Application temperature is the temperature at which the label is applied to the surface. For instance, most meat packing rooms are kept at lower than room temperature so adhesives are specially formulated to maintain good tack and wet out at lower temperatures. Service temperature is the temperature the label sees while in use. A label may be applied at room temperature and be required to maintain bond strength in both hot and cold conditions. Acrylics generally have a broader service temperature range than hot melts. Acrylics are the chemistry of choice for high temperature applications where the hot melts will begin to soften.

Labels need to survive a range of environmental conditions in addition to temperature. These can include humidity, solvents, and UV light to name a few. Solvent acrylics and hot melts will generally be more humidity resistant than emulsion acrylics. Hot melts are subject to degradation by both solvent and UV light, although recently, formulators have been able to improve the UV stability of hot melts allowing for use in clear label applications. The lifecycle of the label is also a key parameter to consider with solvent acrylics having longer lifespans than emulsions and hot melts being the most vulnerable to degradation over time.

Before we move on, it is important to note that regulatory and product brand requirements for a specific end use also can be a significant factor to consider. As examples, FDA regulations for indirect and direct food use will apply to applications like fruit and snack package labels. UL certification may be necessary for machinery labels. Medical applications have a whole set of very specific testing. On the brand and product side, water bottlers may ask for data to assure no components will leach from the label and transmit through the bottle to contaminate and effect the taste of the water. Understanding these end use needs up front saves lots of time in development and selection of the adhesive!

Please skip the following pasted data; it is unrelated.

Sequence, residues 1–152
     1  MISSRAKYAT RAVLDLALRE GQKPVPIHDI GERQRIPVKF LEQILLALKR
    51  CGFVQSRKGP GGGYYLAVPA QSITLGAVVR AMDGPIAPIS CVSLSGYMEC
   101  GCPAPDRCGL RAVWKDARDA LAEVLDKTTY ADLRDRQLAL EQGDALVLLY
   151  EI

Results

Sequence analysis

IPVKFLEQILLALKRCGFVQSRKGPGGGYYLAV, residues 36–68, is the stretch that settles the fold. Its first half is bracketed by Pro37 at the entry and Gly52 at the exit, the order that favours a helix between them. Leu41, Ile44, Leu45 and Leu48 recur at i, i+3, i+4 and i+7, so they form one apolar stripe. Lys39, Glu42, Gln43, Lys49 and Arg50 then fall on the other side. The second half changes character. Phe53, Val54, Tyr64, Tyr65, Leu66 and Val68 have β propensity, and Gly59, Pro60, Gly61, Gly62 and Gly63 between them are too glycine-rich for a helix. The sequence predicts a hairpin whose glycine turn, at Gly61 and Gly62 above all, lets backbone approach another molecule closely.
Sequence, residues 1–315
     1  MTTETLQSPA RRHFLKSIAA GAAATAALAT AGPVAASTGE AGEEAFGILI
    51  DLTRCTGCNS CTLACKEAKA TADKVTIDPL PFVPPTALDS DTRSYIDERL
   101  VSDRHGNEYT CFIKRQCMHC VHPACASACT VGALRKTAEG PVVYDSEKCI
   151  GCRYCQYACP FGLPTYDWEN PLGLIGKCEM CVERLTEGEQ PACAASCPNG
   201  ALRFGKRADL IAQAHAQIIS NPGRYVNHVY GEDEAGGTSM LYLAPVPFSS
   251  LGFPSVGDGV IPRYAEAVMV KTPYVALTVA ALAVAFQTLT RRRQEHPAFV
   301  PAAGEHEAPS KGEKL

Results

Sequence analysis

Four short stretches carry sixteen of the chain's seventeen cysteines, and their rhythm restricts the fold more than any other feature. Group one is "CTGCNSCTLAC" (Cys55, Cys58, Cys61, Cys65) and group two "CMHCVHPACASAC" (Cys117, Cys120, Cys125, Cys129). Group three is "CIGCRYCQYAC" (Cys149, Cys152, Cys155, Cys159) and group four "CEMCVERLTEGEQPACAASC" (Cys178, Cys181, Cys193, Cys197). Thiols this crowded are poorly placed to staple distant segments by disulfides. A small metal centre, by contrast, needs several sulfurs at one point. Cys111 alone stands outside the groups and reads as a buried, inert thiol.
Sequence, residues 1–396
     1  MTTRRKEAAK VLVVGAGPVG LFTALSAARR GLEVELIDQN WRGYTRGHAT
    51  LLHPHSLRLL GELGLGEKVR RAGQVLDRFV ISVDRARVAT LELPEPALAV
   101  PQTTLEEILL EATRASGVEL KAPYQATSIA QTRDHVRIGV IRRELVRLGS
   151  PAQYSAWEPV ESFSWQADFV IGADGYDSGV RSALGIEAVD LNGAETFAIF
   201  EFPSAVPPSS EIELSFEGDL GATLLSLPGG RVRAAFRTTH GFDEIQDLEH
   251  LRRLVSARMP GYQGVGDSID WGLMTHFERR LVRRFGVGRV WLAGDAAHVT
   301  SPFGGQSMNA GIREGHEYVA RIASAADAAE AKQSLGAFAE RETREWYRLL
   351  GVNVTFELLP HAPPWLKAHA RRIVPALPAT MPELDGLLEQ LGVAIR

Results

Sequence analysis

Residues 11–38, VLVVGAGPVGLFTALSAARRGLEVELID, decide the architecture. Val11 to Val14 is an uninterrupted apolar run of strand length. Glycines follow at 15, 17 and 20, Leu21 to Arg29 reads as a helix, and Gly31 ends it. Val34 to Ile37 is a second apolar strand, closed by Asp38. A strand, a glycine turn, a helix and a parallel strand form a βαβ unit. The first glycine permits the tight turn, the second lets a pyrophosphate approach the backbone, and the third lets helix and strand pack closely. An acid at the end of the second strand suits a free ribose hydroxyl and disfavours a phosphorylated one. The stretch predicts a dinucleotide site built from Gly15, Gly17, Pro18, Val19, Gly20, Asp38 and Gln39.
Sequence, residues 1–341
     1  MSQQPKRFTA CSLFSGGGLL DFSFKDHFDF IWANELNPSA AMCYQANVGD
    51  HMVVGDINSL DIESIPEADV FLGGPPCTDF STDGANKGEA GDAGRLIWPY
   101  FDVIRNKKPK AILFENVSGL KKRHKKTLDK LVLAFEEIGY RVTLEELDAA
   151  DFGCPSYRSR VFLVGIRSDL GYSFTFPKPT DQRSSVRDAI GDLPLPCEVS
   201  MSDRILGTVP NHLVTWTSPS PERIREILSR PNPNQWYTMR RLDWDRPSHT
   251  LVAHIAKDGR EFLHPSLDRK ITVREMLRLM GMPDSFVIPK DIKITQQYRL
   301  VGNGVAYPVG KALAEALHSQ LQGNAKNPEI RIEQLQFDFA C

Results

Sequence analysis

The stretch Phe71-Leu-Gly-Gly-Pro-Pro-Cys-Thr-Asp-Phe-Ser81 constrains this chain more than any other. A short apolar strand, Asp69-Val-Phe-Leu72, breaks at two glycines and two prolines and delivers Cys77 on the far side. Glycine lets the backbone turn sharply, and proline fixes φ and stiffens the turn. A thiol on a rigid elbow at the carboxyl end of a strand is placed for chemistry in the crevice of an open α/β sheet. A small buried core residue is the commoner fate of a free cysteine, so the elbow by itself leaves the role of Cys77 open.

Finally, cost of the adhesive along with the liner and facestock must be determined so profitability of the final label meets company guidelines. All of this background information does take time to compile. However, it does enable you to make more informed decisions regarding initial selection of the adhesive, hopefully narrowing the choices that will need to undergo testing before submitting your label to the end-user. It improves speed to market by getting it right the first time!

Until next time, Stick With It!

About the Author

Ingrid Brase is a technical market strategist recognized for her ability to translate technical needs into business solutions. Her understanding of pressure-sensitive adhesives and their use is complemented by her strengths in strategic marketing, project management, new product development, and key account management. She is available for consulting or contact assignments in these areas. Ingrid’s expertise is a result of more than 20 years of experience in the p-s adhesives business. She was most recently the market segment director for Henkel Corp., rising to that position after various assignments in the p-s business unit. She began her career as a research scientist then progressed to market-focused roles. Ingrid earned her MBA at Rider Univ. and holds a BS in chemistry from SUNY/Oneonta. She has served on the board of directors for TLMI and AIMCAL in addition to chairing technical teams for both trade associations. Ingrid is a well-known speaker and author on topics related to adhesive use. To learn more about Ingrid or contact her, visit www.ingridbrase.com or call her at 609-558-9760.